Short Stories, Irish literature, Classics, Modern Fiction and Contemporary Literary Fiction, The Japanese Novel and post Colonial Asian Fiction are some of my Literary Interests





Tuesday, May 17, 2011

Three of the Best Stories from Sherwood Anderson's Winesburg, Ohio

"Adventure" (1919, 7 pages)
"The Untold Lie" (1919, 6 pages)
"Death"  (1919, 6 pages)


Three of the Best Short Stories of
Sherwood Anderson

In the opening chapter of his book of lectures on the short story, The Lonely Voice-A Study of the Short Story Frank O'Connor first talks about Nikolai Gogol's "The Overcoat".   Shortly after that he turns to the stories in Sherwood Anderson's Winesburg, Ohio.   He says Winesburg, Ohio is the most influential American collection of interrelated short stories.    Ford Madox Ford in his The March of Literature listed it as one of the essential works of American literature.    I think somehow  many potential readers find it hard to accept that a collection of short stories set in a small town in Ohio in 1919 can look so deeply into the hidden despair in the lives of ordinary people.    (I have previously posted on Anderson's amazing short story "Hands" and there is some background information in my post on it.)     It almost seems like you walk into a small town cafe in a little town in Ohio and you find out one of the patrons has looked as deeply into the dark as Conrad or Dostoevsky.     Yesterday I read  the three short stories of Anderson that O'Connor said were his best work.  I will post briefly on them.  (His work is in the public domain now and can be easily found online-I will list a link where you can read them at the bottom of this post.)


"Adventure" is O'Connor's  and my choice for best Anderson short story.    It is about a woman driven to despair and near madness by loneliness.    I cannot really summarize the story in a way that does not lose the power of the story but I will say a bit.   It is about a woman who we meet in her early 20s.   She is a nice well mannered well brought up young woman.    I will not tell you how it happens but ends up running naked through the streets and offers herself to the first man she sees.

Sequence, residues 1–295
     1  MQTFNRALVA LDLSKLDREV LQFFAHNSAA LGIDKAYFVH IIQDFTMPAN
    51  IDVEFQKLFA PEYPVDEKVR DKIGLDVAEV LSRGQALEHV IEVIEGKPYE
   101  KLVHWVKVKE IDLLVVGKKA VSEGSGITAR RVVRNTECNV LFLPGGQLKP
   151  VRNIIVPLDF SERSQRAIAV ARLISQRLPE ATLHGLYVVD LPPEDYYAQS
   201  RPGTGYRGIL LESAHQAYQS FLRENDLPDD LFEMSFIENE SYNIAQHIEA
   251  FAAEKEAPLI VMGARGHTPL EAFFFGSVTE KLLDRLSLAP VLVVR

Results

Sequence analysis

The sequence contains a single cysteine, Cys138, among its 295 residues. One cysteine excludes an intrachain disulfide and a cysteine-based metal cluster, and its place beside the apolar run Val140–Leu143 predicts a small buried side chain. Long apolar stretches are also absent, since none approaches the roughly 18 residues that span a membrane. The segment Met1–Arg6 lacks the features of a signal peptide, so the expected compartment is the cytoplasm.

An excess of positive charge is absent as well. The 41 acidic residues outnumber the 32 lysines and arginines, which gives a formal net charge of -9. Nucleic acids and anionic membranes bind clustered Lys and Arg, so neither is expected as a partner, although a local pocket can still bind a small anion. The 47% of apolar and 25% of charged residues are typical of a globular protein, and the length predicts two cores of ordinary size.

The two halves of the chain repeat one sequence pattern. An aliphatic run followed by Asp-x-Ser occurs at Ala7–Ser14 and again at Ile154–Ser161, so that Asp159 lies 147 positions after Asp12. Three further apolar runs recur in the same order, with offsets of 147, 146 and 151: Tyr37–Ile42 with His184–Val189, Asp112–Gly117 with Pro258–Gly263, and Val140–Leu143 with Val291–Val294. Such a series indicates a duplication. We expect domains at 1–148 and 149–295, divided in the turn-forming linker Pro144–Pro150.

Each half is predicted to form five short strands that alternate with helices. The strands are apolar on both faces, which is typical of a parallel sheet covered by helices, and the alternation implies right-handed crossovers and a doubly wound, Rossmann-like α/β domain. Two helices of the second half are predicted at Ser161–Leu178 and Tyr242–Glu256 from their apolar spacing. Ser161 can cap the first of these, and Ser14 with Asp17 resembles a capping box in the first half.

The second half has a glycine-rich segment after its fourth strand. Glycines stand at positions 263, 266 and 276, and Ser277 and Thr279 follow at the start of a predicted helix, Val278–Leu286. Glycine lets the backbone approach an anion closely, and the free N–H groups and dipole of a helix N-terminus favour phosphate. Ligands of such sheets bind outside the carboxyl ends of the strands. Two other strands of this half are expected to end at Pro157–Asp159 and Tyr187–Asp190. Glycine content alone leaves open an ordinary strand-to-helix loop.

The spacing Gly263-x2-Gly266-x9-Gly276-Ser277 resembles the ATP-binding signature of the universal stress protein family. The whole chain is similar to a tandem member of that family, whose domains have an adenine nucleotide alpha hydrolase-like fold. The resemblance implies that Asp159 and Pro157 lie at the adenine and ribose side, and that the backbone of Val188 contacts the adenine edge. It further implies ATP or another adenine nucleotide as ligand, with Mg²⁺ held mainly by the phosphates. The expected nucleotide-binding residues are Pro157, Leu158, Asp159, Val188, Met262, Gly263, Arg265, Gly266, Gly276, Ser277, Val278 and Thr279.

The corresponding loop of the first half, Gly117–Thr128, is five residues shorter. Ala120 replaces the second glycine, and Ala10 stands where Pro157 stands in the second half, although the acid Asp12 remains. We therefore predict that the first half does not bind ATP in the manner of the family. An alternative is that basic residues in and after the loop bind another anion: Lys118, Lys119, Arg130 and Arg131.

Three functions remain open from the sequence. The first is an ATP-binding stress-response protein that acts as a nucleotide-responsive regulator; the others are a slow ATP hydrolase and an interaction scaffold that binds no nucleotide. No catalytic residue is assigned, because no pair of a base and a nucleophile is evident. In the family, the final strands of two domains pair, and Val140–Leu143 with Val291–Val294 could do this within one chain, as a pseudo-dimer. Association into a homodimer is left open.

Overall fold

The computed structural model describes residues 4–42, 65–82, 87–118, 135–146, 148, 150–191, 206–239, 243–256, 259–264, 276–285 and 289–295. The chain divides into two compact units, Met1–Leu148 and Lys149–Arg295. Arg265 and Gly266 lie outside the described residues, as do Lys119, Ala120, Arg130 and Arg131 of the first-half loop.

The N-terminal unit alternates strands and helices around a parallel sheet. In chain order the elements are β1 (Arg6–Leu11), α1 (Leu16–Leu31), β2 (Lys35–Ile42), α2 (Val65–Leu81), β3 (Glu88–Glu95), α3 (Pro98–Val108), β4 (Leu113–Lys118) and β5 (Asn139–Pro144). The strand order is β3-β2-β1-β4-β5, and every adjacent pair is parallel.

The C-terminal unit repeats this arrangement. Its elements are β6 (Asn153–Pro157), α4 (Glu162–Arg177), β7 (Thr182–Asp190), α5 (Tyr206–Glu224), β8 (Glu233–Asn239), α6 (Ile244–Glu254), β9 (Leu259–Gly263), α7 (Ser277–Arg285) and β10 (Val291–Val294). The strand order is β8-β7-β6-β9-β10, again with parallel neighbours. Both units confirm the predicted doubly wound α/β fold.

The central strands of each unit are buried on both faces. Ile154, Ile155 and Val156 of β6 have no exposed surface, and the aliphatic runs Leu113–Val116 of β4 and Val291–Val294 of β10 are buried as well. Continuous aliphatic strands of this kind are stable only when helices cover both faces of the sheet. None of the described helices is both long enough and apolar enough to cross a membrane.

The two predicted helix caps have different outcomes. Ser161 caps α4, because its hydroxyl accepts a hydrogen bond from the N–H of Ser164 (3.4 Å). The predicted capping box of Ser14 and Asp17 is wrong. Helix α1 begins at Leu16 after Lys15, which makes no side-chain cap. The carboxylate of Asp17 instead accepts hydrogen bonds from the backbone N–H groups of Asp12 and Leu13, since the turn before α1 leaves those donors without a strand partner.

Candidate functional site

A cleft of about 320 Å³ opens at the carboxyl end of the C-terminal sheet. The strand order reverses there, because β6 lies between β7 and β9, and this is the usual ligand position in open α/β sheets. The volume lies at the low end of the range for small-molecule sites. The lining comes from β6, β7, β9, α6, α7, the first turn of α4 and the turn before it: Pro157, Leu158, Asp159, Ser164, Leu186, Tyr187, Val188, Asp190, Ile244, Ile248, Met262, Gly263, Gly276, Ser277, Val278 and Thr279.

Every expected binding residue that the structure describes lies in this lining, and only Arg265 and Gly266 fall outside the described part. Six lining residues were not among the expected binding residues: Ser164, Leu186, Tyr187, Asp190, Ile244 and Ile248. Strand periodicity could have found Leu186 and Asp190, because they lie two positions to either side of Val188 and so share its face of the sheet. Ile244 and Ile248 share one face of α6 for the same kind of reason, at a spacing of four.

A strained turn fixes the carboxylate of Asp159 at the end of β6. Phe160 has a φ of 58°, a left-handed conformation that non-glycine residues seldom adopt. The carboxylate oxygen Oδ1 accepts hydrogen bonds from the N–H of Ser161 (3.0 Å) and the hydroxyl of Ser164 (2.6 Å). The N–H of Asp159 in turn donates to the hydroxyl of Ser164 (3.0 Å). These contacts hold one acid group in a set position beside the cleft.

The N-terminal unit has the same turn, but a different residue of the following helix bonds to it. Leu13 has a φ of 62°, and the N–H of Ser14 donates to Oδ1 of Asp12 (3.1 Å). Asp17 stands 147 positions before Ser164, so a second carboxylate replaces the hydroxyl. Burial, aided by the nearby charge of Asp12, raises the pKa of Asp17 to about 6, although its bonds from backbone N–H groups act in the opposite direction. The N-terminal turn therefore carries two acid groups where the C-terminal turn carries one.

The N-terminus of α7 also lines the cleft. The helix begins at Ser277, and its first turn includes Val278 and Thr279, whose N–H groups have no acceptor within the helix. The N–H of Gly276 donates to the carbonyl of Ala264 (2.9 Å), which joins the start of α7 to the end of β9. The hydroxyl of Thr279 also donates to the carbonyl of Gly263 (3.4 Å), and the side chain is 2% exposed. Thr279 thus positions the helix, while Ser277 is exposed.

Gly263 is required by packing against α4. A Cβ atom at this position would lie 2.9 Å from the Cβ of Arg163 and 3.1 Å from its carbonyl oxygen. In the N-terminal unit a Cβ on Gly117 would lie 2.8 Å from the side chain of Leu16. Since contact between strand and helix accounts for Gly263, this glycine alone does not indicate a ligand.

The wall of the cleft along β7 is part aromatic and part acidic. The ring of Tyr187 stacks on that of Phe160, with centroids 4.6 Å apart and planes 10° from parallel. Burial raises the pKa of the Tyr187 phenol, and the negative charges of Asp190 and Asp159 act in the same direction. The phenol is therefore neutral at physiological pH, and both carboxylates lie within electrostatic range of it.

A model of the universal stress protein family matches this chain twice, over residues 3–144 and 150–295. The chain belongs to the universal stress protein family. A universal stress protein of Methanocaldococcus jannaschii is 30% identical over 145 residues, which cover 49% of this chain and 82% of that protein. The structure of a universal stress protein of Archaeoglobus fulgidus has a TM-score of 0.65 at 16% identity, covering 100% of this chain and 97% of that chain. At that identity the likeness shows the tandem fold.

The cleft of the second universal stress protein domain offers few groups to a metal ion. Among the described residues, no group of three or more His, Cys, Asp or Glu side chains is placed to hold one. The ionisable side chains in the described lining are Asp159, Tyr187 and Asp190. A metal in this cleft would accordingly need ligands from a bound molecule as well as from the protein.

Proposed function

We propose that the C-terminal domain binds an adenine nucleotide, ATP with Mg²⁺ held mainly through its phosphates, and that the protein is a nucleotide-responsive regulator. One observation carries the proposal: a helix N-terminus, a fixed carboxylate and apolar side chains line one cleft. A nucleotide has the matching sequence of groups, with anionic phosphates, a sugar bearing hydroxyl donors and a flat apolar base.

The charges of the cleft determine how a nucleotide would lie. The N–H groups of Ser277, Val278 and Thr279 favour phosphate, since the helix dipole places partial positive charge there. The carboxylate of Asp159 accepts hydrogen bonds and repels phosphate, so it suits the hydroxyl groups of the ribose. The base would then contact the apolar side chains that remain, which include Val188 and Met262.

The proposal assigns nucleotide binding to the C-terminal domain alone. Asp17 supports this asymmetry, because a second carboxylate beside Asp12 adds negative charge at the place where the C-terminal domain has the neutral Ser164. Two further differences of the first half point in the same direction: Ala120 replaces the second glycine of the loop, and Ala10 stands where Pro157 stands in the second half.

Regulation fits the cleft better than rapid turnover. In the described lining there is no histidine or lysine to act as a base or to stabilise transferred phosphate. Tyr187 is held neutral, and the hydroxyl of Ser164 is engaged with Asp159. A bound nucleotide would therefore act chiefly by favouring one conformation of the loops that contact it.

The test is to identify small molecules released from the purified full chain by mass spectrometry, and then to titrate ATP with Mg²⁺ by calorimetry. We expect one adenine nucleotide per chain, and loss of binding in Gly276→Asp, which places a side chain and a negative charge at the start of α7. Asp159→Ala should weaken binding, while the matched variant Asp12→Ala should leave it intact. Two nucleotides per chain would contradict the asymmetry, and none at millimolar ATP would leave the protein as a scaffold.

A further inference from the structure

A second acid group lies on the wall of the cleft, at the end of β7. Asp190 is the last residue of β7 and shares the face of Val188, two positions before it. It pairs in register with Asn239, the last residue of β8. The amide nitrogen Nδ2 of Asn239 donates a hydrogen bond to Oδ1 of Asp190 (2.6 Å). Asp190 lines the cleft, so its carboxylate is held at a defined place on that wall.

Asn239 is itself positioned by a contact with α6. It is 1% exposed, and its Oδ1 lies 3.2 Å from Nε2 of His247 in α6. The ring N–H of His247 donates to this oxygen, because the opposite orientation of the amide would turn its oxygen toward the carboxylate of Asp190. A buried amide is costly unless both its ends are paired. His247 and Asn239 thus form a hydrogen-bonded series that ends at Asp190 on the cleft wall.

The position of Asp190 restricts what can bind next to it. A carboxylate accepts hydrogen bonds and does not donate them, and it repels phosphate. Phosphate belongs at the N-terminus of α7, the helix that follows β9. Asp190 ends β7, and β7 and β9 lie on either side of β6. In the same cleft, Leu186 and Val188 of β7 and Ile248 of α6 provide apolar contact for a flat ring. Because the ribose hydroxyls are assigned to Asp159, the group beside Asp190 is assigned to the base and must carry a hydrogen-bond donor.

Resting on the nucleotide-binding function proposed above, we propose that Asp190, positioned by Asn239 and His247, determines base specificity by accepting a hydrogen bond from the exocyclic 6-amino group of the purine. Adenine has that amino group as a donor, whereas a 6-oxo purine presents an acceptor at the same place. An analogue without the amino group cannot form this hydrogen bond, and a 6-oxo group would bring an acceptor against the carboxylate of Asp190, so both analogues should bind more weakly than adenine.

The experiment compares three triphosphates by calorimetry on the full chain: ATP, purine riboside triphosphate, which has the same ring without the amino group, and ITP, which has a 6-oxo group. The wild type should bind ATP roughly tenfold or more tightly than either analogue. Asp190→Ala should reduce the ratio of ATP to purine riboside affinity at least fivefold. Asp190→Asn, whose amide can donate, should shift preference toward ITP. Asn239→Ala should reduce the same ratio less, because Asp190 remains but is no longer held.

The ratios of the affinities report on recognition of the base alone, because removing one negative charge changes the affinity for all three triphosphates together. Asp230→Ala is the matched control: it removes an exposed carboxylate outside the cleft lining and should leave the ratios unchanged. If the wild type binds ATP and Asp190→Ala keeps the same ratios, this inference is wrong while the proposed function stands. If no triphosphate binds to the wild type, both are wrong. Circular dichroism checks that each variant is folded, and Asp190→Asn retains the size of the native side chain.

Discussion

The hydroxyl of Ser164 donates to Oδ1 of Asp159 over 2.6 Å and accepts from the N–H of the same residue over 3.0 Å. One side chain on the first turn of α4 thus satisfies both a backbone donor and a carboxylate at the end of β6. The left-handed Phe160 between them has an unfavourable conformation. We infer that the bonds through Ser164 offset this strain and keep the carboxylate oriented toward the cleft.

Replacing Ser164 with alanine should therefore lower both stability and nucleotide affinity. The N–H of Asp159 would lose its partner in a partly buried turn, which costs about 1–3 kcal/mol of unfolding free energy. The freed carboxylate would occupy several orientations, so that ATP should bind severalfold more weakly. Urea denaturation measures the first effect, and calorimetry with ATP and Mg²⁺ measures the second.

"Death" is a very sad story about steps never taken.   As it opens we meet the owner of the town hotel in Winesburg (an imaginary community) and his daughter.      The daughter seems to be in her early twenties.   She wants to get married because it is what women in that age bracket do, not because she feels any great love for the man she marries.    There is nothing really wrong with him, she just does not feel a lot for her husband.   As the father is on his death bed he tells his daughter he knows he has not made much of his life.    The hotel is mortgaged so he will not be leaving her a lot.   Suddenly he tells her he has some money set aside that he was going to use to escape his life in Winesburg.    He was already planning to do it soon.    He gives the money to his daughter with and makes her promise that she will not tell her husband about the money.    He wants to at least be able to  die knowing that his daughter has her "escape money". I think there will be few people who cannot relate to the heart break at the end of this story.   


The Untold Lie" appeals to me the less of the three stories.   It is about the price people pay for what they thing is living the right way a person in Winesburg, Ohio is supposed to live. 




All of these stories are about people from what O'Connor called submerged population groups.    All of the three stories I posted on today are about being trapped, about being in a society where you are supposed 
to do certain things but no one really tells you what to do or why to do it.


All of these stories and more of Anderson can be read HERE

Mel u





2 comments:

Melissa (Avid Reader) said...

I read Winesburg, Ohio last year and really loved it. He wrote some incredibly poignant stories.

Miss Good on Paper said...

I love Winesburg, Ohio! I never hear anyone talk about it anymore, though. When I studied link short story collections in grad school, this was one of the essentials. Really interesting post. Thanks!